How to Get a DWI Without Driving in Minnesota: Yes, You Read This Correctly


One simple, but often misunderstood, phrase in Minnesota’s DWI law has led courts to rule it is possible to be convicted of DWI without driving, or even being in, a motor vehicle. Though it seems odd to be convicted of “driving while intoxicated” without driving, that is how the law has come to be interpreted in Minnesota. Come along for the ride as we explain how to get a DWI without driving in Minnesota.

A Reading of the Law

According to “An Overview of Minnesota’s DWI Laws” produced by the Research Department of the Minnesota House of Representatives, “Minnesota‚Äôs DWI law stipulates that it is a crime: (1) to drive, operate, or be in physical control of any motor vehicle anywhere in the state while: under the influence of alcohol …” (emphasis added).

In the 1992 case State v. Starfield, an apparently inebriated Sandra Starfield was found sitting in the driver’s seat of a vehicle stuck in a snow-filled ditch with no keys in the ignition. Starfield denied she was driving the car when it became stuck, and deputies found the keys in her coat pocket. She later said her son was driving but had gone for help after the vehicle became stuck. Her son confirmed the story that he was the driver and said he went into the ditch when a tire blew. The judge determined prosecutors had not proved Starfield was driving the car but instructed the jury on the phrase to “be in physical control” of the car. “A person is in physical control of a motor vehicle when he or she is present in a vehicle and is in a position to either direct the movement of the vehicle or keep the vehicle from moving. It is not necessary for the engine to be running in order for a person to be in physical control of a motor vehicle.” The jury convicted Starfield of DWI on the basis of being in physical control of the vehicle, and the Minnesota Supreme Court upheld the conviction.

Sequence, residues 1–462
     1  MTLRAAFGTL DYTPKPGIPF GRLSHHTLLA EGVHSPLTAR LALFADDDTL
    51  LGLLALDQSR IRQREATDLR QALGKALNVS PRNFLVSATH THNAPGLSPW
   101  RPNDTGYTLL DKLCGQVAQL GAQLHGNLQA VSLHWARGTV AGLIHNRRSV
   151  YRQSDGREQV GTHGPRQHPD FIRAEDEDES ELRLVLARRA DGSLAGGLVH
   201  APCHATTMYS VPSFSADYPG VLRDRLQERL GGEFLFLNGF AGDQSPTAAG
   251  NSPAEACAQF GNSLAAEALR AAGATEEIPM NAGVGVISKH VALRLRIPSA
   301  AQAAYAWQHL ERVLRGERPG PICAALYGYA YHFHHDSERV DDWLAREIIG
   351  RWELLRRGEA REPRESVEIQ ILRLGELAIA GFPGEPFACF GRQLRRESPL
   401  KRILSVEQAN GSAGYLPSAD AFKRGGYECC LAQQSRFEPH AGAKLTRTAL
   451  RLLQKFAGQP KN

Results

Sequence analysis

More Rulings Back Strictness of Law

A subsequent case, State v. Fleck in 2010, affirmed that an individual could be deemed “in physical control” of the car even while sleeping. In this case, Daryl Fleck was found in the driver’s seat of his vehicle asleep with the door open and the keys laying in the console between seats. Police could find no evidence the car had been driven recently (it was cold to the touch, and in fact later would not start when investigators tried to start it). Fleck was convicted of being in physical control of the vehicle, and his conviction was upheld.

Again in 2014, in State v. Frisch, the higher courts upheld a conviction in which Daniel Frisch was found about 15 to 20 feet from his vehicle, buying a soda from a machine. The vehicle was running with the keys in the ignition and a passenger sitting in the front passenger seat. Frisch claimed he had parked the car there earlier to go to a nearby bar and had planned to walk home, but the jury convicted him, and the conviction was upheld.

All of these convictions and rulings speak to how seriously Minnesota lawmakers and courts feel about driving while intoxicated and its danger to the state’s citizens. They also speak to the complexity of the law and of the need for an experienced criminal defense attorney when you have been charged with a crime, such as driving while intoxicated. Jennifer Speas has more than 15 years of experience in all facets of Minnesota criminal law. Contact us when you need assistance with any type of criminal case.

Disclaimer: The content of this article does not constitute an attorney-client relationship. Please contact Jennifer Speas to discuss the specifics of your case.